16. Faldone said,

    June 10, 2013 @ 4:35 pm

    Back in the day, when they still allowed riffraff on the Vocabula Review message board, I was involved in an ongoing argument with a member of the different-from-only club. He maintained that than could only be used with comparatives, e.g., "X is newer than Y. Unfortunately they limited participation on the board to subscribers to VR before I managed to ask him if he would then say that he unconditionally recommended use of different from rather than different than. But then, perhaps rather is the comparative of rath: rath, rather, rathest. I never could rationalize paying $40/year to read the stuff on the Journal of Prescriptivist Poppycock.

  17. J.W. Brewer said,

    June 10, 2013 @ 4:36 pm

    I would say slightly contrary to Rubrick that it is the fact that preposition usage often tends to be so arbitrary/contextual/content-free that makes it useful to have conventions (not prescriptivist zombie rules, but actual conventions identifiable by descriptivist methods that are in practice tacitly but consistently followed by native speakers). That said, there certainly are contexts in AmEng where more than one preposition is in reasonably common use, sometimes with a semantic nuance; sometimes without. MWDEU has a bunch of entries on situations like that, and I'm not in favor of stomping those existing variations out on One Right Way grounds. But I am less interested in refereeing between different from and different than than in the evidence confirming my own intuition that "different to" is just not part of AmEng. With all due respect to the journalists of the Commonwealth, it doesn't seem like we're missing much.

  18. Jerry Friedman said,

    June 10, 2013 @ 5:31 pm

    "And what about said,": Beg to differ with you (in all the relevant hits at COCA).

    Speaking of which, where did "difference with" come from? COCA examples:

    "Ray, that's another huge difference with Syria." [That is, between Bahrain and Syria.]

    "I think, you know, the other difference with 1980 is that there seems to be a meanness of spirit now in the country, certainly in the tone of the debate."

    "Explain to us, Dr. Hendi, what's the difference between these UVA and UVB rays? There was already protection, supposedly, against UVB. But what's the difference with those and the ultraviolet-A rays?"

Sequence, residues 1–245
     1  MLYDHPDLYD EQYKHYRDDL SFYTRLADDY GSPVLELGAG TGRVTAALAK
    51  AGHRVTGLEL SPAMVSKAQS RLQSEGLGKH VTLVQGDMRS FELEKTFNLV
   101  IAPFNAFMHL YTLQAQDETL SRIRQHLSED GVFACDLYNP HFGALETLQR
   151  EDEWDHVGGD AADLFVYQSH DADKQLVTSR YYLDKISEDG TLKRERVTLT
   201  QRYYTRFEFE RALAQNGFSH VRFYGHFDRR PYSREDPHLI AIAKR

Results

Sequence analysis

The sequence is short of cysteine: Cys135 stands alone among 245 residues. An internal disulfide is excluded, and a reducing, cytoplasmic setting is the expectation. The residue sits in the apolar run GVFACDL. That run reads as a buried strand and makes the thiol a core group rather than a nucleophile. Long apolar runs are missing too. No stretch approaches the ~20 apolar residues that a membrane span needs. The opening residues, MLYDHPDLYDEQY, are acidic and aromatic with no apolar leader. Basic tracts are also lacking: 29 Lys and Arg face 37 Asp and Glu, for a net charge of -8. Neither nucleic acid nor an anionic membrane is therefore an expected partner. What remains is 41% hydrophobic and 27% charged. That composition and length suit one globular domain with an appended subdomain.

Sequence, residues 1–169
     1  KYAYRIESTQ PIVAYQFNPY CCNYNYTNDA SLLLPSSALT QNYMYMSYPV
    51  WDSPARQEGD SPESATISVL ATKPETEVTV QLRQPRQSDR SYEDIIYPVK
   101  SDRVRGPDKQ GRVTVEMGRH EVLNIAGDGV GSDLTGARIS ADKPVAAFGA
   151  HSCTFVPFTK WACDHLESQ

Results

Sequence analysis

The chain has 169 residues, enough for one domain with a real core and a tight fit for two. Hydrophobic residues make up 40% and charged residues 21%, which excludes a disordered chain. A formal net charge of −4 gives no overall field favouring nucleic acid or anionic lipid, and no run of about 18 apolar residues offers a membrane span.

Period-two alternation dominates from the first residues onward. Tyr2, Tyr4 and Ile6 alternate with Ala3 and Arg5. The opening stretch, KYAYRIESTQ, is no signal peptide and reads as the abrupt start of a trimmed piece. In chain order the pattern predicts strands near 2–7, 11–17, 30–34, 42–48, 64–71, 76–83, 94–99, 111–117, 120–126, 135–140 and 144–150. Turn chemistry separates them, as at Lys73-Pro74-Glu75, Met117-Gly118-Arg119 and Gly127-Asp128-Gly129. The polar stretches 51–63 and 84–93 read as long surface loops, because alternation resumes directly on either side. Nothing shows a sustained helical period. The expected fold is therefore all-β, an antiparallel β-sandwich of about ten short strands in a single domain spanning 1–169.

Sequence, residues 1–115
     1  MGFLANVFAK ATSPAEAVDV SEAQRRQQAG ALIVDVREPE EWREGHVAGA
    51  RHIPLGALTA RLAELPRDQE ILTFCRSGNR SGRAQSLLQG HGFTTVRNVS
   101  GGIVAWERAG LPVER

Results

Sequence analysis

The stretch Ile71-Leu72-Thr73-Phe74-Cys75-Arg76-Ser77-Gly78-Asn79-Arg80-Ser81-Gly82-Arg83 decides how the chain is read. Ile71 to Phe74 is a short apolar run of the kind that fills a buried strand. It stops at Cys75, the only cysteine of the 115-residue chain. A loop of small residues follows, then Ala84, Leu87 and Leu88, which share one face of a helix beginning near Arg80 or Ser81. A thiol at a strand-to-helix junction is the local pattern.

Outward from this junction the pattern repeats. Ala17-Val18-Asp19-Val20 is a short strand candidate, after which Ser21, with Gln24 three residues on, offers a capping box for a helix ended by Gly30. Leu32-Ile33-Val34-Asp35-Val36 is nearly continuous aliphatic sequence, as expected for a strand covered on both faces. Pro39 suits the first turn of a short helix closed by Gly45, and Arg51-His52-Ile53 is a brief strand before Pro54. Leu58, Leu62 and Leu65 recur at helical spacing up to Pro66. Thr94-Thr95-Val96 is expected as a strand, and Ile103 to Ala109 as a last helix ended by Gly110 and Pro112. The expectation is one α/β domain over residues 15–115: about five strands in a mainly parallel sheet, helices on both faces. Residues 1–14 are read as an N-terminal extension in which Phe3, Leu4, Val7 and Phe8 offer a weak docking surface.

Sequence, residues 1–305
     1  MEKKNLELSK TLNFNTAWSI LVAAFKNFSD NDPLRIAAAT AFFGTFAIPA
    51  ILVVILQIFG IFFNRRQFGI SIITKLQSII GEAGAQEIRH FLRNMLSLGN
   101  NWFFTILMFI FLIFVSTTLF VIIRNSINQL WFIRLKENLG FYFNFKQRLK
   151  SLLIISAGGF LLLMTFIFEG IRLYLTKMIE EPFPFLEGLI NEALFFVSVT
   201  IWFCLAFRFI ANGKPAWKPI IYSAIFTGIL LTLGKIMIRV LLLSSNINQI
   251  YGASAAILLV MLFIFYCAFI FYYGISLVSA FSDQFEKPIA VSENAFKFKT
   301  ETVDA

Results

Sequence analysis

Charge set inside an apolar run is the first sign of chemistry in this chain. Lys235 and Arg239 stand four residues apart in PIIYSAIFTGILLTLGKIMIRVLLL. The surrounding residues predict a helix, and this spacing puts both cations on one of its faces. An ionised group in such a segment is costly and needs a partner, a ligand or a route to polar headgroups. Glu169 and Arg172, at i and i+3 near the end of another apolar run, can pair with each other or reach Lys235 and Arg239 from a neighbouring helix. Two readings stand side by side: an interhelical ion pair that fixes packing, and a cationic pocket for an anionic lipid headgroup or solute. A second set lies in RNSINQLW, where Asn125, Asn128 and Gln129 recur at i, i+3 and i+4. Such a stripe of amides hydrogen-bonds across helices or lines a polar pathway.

These are only a minority of uses of "difference with", so I didn't look for any historical trends. However, I blame Wikipedia, which used to show you "Difference with previous version" (I think) when you clicked on "diff". It now shows you "Difference between revisions".

  19. Alex Leibowitz said,

    June 10, 2013 @ 9:59 pm

    When we say things are different, I think we must consider them to be separate and distant, insofar as they are different, and "from" seems like a good way of indicating their separation, whereas "to" might imply the opposite sense, that they are, in their difference, somehow moving towards each other. I like to think there is some logic in our choice of prepositions, however faint and analogical.

  20. zeenoster said,

    June 11, 2013 @ 4:38 am

    I am completely different against you. (?)

  21. GeorgeW said,

    June 11, 2013 @ 5:42 am

    @J.W. Brewer: I don't think that preposition meaning is quite so arbitrary. The abstract meaning is often related to the concrete meaning. The concrete meaning of 'from' involves distance or separation. So, it is, I think, likely that speakers would generally select a pronoun with a similar meaning for an abstract context.

    But, anyone who has learned a foreign language realizes that this is not completely predictable. As an example, in Arabic, one is married 'from' (min) their spouse.

  22. J.W. Brewer said,

    June 11, 2013 @ 9:16 am